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Can a police officer ask to search your vehicle?

On Behalf of | Dec 7, 2021 | DUI Defense

If you are stopped for a traffic violation, the police officer may approach you to speak with you and give you a warning or citation. During the stop, they’ll look into your vehicle to see if there are any open containers or drugs that are out in the open.

An officer can ask you if you’ve been drinking or if you have drugs in your vehicle during the stop. You should be aware, though, that you do not have to answer. You have the right to stay quiet when your answer could incriminate you. This is the entire point of the protections offered by the Fifth Amendment.

When an officer asks you questions, be careful of your responses

If an officer asks you about your day or if you’ve been using drugs or alcohol, you don’t have to stay anything. If the police ask if they can search your vehicle, you don’t need to oblige, even if you have nothing to hide.

The reality is that giving the police permission to go through your vehicle is always going to be a bad idea. The police cannot normally search your vehicle without probable cause or a warrant. They are allowed to access items that are in plain view, like a can sitting on your passenger seat, but without permission, they cannot go through your vehicle unless they have a warrant or significant, reasonable need to do so.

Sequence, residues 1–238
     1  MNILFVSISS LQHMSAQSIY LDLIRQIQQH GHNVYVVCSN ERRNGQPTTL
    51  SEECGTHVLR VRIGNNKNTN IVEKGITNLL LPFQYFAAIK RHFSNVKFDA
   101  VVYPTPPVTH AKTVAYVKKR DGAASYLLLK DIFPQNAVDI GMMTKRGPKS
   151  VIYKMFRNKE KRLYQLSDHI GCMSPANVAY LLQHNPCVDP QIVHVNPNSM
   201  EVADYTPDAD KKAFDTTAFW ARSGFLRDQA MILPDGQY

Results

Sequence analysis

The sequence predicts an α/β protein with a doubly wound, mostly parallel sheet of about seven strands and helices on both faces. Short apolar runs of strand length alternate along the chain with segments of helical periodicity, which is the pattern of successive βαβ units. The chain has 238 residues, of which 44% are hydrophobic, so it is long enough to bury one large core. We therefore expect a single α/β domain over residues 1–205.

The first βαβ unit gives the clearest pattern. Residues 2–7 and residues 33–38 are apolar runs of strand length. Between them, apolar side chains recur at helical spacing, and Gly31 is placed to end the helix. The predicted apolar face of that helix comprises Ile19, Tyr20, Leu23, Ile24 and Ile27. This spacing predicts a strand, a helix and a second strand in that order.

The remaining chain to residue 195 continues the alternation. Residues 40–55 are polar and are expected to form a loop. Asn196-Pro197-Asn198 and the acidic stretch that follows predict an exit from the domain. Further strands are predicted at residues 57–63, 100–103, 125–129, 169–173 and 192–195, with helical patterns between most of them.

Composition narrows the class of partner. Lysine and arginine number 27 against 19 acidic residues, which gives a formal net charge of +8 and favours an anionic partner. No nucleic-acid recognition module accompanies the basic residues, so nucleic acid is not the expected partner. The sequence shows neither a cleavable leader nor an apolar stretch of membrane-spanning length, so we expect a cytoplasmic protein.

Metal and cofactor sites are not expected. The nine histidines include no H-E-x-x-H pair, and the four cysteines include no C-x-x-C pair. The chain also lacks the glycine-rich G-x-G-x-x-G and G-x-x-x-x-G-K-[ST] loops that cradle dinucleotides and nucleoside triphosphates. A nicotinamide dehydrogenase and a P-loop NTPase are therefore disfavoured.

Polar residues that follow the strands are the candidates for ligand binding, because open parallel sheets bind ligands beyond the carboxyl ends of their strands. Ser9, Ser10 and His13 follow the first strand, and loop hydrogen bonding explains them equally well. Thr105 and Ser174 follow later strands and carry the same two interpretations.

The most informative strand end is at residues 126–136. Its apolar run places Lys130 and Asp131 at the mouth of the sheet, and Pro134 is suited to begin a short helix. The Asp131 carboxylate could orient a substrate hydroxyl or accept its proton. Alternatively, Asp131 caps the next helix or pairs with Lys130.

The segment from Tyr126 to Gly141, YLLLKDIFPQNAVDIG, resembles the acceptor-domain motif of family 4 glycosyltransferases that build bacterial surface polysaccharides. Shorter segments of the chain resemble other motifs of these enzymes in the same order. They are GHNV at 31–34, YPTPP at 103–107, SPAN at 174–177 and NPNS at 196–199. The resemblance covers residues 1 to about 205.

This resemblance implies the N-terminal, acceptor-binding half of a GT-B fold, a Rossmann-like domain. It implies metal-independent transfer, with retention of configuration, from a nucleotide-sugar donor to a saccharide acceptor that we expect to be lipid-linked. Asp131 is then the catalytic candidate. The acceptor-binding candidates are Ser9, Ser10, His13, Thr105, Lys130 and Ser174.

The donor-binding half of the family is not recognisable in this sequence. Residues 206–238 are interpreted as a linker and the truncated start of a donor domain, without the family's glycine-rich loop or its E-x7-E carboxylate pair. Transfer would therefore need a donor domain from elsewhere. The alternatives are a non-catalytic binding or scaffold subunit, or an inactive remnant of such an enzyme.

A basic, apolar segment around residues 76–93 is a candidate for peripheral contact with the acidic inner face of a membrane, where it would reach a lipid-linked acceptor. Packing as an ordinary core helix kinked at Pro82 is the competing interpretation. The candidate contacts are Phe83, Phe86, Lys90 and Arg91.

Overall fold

If you decide that you want to prove that you have nothing to hide and give them permission to get into your vehicle or search the trunk, you’re putting yourself in a precarious position. Even though you might not have drugs or alcohol in your vehicle, passengers might have dropped something illegal in your car, or you might be accused of being in possession because something else you have in the vehicle appears to be paraphernalia or an illicit substance.

It’s better to know your rights. If an officer begins to ask questions and wants to know if you have drugs or alcohol in your vehicle, you don’t have to give them an answer. Cooperate when they ask for your license, registration, proof of insurance and other legally required documents, and then ask if you are free to go. There is no obligation to sit and chat with an officer once the traffic stop is completed.